bers, friends and other people. Siverski said, “Project Unbreakable offers a place where stories [of sexual assault] can be believed without question or hesitation.” Brown added, “Project UnSee UNBREAKABLE, page 3
IN THIS ISSUE
ARTS & LIFE
Remembering David: messages from those who knew him
The mystery of the fraternity rush process unveiled
Julian Lage Trio performed for Vail Series last Saturday
Rememberance of Ted Barclay, former DU coach
See PAGE 5
See PAGE 6
See PAGE 8
See PAGE 12
Junior Sunder Willett from Georgetown, KY, one of the event hosts, said the Lunar New Year Festival is hosted by the Asian Culture Club every spring. He said, “We had a fairly even representation of Chinese, Japanese, Korean, and Vietnamese culture on stage which is something the ACC really tries to do because it is not just a Chinese or Korean holiday.” “I was touched by the way all the cultures came together regardless of nation,” mused Grace Bachman, a first-year student from Columbus, OH. “The performances were beautiful and the way the audience appreciated them was a great experience.” Performer Chi Nguyen, a first-year student from Vietnam, sang in a group of five people the song, “Khúc Giao Mùa,” which translates to “Time of the Season.” The song expresses See NEW YEAR, page 2
700 people went to David Hallman’s memorial last Saturday
Black History Month
Tuesday, February 11, 2014
Farmer Fridays come to Denison
Facts Of The Week Andrew Brimmer: Born in 1926 Louisiana as the son of sharecroppers, Andrew Brimmer would go on to become the first black governor of the Federal Reserve in 1966. After an eight-year term as governor, Brimmer left to teach at Harvard and then to start his own consulting company. He died in 2012 at 86 years old.
Diane Nash: Diane Nash was born in Chicago in 1938 and rose to national prominence in the 1960’s as a college student in the Civil Rights Movement. She organized the first successful effort to desegregate lunch counters, as well as a voter registration drive. Today Nash lives in her hometown of Chicago.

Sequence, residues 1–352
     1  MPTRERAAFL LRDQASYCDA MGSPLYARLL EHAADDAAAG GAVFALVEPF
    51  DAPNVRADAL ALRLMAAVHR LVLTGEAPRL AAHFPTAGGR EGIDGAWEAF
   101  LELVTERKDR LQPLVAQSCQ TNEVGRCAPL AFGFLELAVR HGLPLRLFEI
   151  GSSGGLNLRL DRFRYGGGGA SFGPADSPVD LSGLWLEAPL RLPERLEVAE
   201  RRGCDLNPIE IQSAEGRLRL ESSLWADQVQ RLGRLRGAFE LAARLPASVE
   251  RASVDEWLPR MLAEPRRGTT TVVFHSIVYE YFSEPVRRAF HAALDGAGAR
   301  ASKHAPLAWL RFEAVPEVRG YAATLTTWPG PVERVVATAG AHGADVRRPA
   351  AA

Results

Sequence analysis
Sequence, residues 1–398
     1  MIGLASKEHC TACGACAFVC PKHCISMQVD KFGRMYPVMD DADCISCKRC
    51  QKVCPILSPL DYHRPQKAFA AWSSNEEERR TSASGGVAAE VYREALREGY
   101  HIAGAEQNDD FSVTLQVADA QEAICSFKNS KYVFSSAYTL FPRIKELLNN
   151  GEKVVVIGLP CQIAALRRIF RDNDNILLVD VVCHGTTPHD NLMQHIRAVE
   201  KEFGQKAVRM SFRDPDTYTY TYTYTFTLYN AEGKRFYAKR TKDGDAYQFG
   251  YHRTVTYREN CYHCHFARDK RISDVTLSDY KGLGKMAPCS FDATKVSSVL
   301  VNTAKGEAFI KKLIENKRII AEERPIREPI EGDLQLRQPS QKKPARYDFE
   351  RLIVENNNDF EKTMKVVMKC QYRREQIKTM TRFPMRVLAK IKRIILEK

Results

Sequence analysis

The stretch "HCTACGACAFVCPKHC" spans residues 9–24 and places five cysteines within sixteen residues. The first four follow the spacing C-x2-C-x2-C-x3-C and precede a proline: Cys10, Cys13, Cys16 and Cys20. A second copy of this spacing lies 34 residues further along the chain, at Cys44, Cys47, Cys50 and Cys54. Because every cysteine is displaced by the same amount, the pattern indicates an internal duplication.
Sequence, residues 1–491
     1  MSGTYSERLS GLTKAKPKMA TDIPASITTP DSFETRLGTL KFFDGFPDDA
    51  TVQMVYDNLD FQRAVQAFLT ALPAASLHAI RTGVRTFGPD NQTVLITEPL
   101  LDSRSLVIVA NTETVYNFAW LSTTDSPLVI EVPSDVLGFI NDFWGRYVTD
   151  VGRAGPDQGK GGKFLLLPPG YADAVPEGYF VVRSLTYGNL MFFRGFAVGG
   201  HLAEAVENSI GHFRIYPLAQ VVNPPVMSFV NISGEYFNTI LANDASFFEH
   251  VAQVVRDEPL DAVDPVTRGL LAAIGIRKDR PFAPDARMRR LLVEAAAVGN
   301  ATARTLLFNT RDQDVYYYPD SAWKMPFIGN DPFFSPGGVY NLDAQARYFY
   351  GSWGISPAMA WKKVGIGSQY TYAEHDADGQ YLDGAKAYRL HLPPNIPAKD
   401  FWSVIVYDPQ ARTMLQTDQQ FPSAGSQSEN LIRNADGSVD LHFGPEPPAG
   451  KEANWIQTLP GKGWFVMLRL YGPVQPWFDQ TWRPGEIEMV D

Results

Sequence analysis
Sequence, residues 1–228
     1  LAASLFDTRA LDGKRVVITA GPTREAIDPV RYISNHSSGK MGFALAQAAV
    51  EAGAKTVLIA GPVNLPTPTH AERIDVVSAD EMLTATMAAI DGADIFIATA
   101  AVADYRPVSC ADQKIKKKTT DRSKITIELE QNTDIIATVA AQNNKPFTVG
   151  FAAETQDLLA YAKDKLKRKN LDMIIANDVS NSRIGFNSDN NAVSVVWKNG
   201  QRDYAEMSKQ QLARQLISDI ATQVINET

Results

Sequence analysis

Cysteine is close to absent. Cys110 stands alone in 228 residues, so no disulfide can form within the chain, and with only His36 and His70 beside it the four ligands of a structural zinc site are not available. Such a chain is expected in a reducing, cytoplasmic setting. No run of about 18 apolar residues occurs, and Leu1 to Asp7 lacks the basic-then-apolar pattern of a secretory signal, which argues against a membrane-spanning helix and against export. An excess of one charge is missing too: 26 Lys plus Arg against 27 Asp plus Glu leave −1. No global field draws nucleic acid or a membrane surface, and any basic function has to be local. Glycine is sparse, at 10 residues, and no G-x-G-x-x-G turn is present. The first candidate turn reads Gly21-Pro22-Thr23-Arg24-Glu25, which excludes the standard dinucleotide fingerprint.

Off the Hill
Debbie Gillum/ The Denisonian
LOCAL Oberlin students and staff protested Keystone Pipeline
Sarah Piper, David Ochs and Dan Ochs pose for a picture in front of a Farmer Fridays sign. This began on Feb. 7.
students and staff gathered to protest the State Department’s evaluation of the Keystone Pipeline. This is one of 200 recent protests against the Keystone Pipeline all over the country.
Farmer Fridays is a new Dining Services initiative to help students learn where their food is coming from and to be able to meet the people who grow that food. This Friday Feb. 7 was the first Farmer Friday in Curtis dining hall veggie room from 12:30 to 1:30 p.m.. The featured farmers were Dan and David Ochs from Ochs Fruit farm, established in 1842 and located about 25 miles away in Lancaster, Ohio. Students had the chance to eat lunch and ask questions to Denison Dining Sustainability Manager S.K. Piper and the Ochs farmers. Unfortunately, a pipe burst in the Curtis veggie room so the event was disrupted so they had to relocate to a table farther away from general student traffic. Piper said that, “one or two students came over to say thank you for the apples,” but hopes for much more student participation as the series continues. This is the first season Ochs Fruit farm has partnered with Denison. They provide around ten different kinds of apples to Denison at a time and grow over a hundred different types of apples.
The Oberlin Review On Feb. 3,
NATIONAL Water in West Virginia might not be safe to drink quite yet
The New York Times A Charleston school sent students home early on Feb. 9 because students and teachers smelled the “telltale licorice order” that signifies that the water is not safe to drink. Residents of West Virginia have begun questioning the authenticity of the officials’ claims that the water is safe to consume.
Iran agrees to provide information about detonators
The Washington Post Iran recently agreed to “provide additional information sought by the U.N. nuclear agency in its long-stalled investigation of suspicions that Tehran may have worked on nuclear weapons.” Iran has continued to insist they have never worked on nuclear weapons for destruction.
Corrections The Denisonian regards itself as a professional publication and strives for the highest standards of journalism at all times. If there is a mistake, please contact us at firstname.lastname@example.org so we can correct our error.
DEBBIE GILLUM News Editor Emeritus
NEW YEAR Continued from page 1